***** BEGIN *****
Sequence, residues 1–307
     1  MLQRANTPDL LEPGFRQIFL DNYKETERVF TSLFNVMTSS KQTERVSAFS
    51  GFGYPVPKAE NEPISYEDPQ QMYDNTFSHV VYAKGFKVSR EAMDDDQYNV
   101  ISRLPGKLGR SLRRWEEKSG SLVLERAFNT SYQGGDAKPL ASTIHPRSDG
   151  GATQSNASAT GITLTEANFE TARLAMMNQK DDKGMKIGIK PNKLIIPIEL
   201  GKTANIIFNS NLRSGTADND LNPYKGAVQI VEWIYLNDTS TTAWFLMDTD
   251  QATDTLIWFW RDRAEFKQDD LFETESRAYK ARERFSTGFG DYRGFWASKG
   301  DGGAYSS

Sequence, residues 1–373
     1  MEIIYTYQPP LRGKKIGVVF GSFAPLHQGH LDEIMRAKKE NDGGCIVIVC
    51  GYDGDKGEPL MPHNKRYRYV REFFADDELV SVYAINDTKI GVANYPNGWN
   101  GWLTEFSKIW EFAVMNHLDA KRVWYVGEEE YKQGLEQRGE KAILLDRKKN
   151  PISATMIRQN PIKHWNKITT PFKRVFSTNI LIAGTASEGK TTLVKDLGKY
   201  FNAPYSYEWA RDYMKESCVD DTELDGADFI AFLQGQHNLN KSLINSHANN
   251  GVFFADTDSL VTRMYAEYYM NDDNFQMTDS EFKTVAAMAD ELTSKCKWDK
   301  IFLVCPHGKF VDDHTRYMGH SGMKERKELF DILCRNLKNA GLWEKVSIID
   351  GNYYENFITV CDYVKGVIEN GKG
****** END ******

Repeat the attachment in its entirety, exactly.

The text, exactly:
Sequence, residues 1–307
     1  MLQRANTPDL LEPGFRQIFL DNYKETERVF TSLFNVMTSS KQTERVSAFS
    51  GFGYPVPKAE NEPISYEDPQ QMYDNTFSHV VYAKGFKVSR EAMDDDQYNV
   101  ISRLPGKLGR SLRRWEEKSG SLVLERAFNT SYQGGDAKPL ASTIHPRSDG
   151  GATQSNASAT GITLTEANFE TARLAMMNQK DDKGMKIGIK PNKLIIPIEL
   201  GKTANIIFNS NLRSGTADND LNPYKGAVQI VEWIYLNDTS TTAWFLMDTD
   251  QATDTLIWFW RDRAEFKQDD LFETESRAYK ARERFSTGFG DYRGFWASKG
   301  DGGAYSS

Sequence, residues 1–373
     1  MEIIYTYQPP LRGKKIGVVF GSFAPLHQGH LDEIMRAKKE NDGGCIVIVC
    51  GYDGDKGEPL MPHNKRYRYV REFFADDELV SVYAINDTKI GVANYPNGWN
   101  GWLTEFSKIW EFAVMNHLDA KRVWYVGEEE YKQGLEQRGE KAILLDRKKN
   151  PISATMIRQN PIKHWNKITT PFKRVFSTNI LIAGTASEGK TTLVKDLGKY
   201  FNAPYSYEWA RDYMKESCVD DTELDGADFI AFLQGQHNLN KSLINSHANN
   251  GVFFADTDSL VTRMYAEYYM NDDNFQMTDS EFKTVAAMAD ELTSKCKWDK
   301  IFLVCPHGKF VDDHTRYMGH SGMKERKELF DILCRNLKNA GLWEKVSIID
   351  GNYYENFITV CDYVKGVIEN GKG